If the young adult section of your local bookstore had a self-help shelf, How to Deal is the kind of title you might find there. But, even though this teen romance was adapted from two popular young adult novels (Someone Like You and That Summer by Sarah Dessen), our high school heroine, Halley Martin (pop singer-actress Mandy Moore) innocently summarizes the advice offered in this flick in one line of wide-eyed wisdom: “Things happen and you just have to deal.”
And lots of things happen. Halley sulks, teases, pouts and denounces romance through a divorce, guidance counseling, falling in love, an untimely death, family dysfunction and teen pregnancy (no, not Halley’s — though Moore barely manages to keep her virginal persona intact here). There are emotional and physical traumas, two weddings, a funeral and her clumsy attempt to deal with a roasted squab. But even with all that — or perhaps because of all that — How to Deal slouches through one of the longest hour and 41 minutes I’ve ever spent in a movie theater.
The problem seems to be that neither screenwriter Neena Beber (TV’s animated series “Daria”) nor director Clare Kilner know how to effectively deal with their pastiche of romance, melodrama and comedy.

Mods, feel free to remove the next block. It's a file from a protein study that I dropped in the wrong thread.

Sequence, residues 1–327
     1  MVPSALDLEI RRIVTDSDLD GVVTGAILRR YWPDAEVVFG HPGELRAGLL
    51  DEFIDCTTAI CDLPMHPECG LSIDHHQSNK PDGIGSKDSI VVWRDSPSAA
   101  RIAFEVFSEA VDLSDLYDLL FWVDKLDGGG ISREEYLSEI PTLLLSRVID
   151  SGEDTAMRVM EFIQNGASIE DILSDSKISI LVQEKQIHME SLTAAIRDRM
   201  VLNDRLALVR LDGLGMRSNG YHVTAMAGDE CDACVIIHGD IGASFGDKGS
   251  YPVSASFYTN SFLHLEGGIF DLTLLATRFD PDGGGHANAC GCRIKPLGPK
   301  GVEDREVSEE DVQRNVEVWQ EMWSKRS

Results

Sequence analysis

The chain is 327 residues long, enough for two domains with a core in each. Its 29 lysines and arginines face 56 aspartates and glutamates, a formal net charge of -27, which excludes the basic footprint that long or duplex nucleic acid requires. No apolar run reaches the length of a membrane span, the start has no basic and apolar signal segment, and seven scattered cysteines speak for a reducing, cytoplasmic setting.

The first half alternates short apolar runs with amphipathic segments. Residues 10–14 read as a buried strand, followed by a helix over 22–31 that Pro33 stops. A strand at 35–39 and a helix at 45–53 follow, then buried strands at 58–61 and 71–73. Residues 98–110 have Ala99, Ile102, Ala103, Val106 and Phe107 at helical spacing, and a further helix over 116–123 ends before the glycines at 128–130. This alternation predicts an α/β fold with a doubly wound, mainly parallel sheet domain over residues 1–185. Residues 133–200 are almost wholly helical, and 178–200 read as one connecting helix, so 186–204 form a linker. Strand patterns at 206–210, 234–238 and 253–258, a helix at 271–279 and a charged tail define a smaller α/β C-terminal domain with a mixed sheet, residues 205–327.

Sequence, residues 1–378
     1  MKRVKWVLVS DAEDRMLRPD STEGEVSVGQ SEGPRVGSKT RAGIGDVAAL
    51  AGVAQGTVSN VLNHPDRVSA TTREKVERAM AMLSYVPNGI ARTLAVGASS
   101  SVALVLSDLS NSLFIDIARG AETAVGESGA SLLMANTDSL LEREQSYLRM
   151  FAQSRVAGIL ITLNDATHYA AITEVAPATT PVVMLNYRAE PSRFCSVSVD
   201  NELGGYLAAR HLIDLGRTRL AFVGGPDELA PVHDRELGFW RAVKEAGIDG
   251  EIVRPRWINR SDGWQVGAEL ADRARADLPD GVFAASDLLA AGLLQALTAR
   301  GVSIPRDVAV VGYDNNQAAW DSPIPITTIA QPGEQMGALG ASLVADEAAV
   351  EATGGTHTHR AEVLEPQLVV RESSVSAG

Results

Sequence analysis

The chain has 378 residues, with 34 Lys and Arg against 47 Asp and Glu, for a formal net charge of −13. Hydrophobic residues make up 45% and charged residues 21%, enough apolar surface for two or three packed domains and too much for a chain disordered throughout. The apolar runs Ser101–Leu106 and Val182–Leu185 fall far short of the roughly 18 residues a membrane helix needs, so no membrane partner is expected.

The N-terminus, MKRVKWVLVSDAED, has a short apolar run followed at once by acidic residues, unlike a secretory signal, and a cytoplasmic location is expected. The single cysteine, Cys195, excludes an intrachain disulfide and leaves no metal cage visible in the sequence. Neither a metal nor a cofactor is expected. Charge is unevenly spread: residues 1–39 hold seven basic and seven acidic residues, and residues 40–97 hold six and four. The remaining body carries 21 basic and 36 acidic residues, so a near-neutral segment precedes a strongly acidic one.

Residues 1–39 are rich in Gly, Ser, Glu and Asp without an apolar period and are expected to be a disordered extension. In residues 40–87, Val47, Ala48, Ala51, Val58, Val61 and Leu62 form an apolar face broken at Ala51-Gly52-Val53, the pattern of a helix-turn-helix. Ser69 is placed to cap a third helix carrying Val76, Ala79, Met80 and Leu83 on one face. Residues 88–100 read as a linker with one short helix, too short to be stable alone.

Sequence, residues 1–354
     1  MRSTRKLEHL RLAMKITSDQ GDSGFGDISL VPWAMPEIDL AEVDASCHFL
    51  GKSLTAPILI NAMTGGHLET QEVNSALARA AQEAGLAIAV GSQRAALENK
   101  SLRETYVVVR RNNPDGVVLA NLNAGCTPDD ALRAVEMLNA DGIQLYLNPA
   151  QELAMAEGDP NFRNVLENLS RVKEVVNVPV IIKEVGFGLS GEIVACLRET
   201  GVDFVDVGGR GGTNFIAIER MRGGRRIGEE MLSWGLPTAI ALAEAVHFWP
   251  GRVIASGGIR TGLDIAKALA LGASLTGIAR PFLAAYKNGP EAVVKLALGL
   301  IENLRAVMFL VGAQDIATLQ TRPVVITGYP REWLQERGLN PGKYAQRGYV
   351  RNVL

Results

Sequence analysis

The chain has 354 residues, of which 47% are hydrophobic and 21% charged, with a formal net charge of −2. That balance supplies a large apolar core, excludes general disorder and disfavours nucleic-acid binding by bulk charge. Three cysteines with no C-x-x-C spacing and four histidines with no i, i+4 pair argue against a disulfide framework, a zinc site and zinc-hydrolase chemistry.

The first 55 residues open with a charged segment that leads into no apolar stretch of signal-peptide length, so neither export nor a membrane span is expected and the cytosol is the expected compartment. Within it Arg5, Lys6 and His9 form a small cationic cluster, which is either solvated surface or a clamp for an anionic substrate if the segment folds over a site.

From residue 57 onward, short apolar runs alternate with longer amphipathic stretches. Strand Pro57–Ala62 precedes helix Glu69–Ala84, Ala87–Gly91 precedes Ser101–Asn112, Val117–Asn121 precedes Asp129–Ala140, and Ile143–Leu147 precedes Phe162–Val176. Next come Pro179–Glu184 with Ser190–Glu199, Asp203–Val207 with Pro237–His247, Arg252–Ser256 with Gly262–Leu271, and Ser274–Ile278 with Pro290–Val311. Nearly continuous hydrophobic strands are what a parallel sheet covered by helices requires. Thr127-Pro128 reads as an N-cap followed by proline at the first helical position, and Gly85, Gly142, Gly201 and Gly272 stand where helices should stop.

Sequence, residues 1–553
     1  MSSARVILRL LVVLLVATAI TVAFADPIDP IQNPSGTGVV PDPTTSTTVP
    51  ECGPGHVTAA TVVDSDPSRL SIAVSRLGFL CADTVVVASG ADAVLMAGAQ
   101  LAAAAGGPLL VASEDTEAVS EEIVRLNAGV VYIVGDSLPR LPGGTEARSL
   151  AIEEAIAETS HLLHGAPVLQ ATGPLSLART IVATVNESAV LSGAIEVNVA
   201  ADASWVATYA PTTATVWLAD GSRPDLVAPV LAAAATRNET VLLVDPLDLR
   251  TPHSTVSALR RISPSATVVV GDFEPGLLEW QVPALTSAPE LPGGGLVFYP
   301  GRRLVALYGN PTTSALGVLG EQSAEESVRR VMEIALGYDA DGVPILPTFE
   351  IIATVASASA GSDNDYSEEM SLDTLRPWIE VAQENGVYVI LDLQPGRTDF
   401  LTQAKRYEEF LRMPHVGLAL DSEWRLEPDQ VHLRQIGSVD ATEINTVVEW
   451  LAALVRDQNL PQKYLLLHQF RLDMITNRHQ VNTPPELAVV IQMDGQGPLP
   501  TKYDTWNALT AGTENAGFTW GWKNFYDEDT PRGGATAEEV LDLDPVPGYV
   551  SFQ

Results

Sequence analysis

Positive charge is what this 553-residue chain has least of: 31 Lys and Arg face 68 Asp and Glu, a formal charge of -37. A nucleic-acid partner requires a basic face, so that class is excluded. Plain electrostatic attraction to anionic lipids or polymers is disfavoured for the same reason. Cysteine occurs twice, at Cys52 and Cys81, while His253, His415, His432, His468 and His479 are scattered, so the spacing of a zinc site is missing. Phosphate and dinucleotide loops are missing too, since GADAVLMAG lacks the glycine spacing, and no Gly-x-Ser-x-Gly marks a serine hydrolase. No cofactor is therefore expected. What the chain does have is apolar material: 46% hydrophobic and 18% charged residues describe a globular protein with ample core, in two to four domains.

Beber’s main plot is a love story between romantically skeptical Halley and her slacker, bad-boy love interest, Macon Forrester (Trent Ford looking like a roughhewn and scruffy Leonardo DiCaprio). The main drive of any romance may be that we long for the inevitable coupling of our main characters perhaps as much or even more than they do. They have to be appealing soul mates and the stumbling blocks between them should pique our desire to see them finally together. Baby-faced, teen-magazine cover-girl Moore has natural, peaches-and-cream appeal, though a jury of teen girls is still out on Ford’s heartthrob factor. But Halley and Macon, like the rest of the characters, mostly play on one note — and that note rings hollowly. How to Deal’s romance is as flat as its melodrama: If this flick can’t make me care about a woman’s divorce, a girl’s pregnancy or a boy’s death, why should I care if two kids hook up?
But even as Beber bogs the pace down with yet another subplot, the kids in the cineplex seem to enjoy it. This middle-aged critic doesn’t know, but the not-so-little boys and girls seem to understand How to Deal — and it gets two stars only because their response skewed my grading curve to its benefit. If that rating still seems unfair, kids, you’ll just have to deal.
James Keith La Croix writes about film for Metro Times. E-mail email@example.com.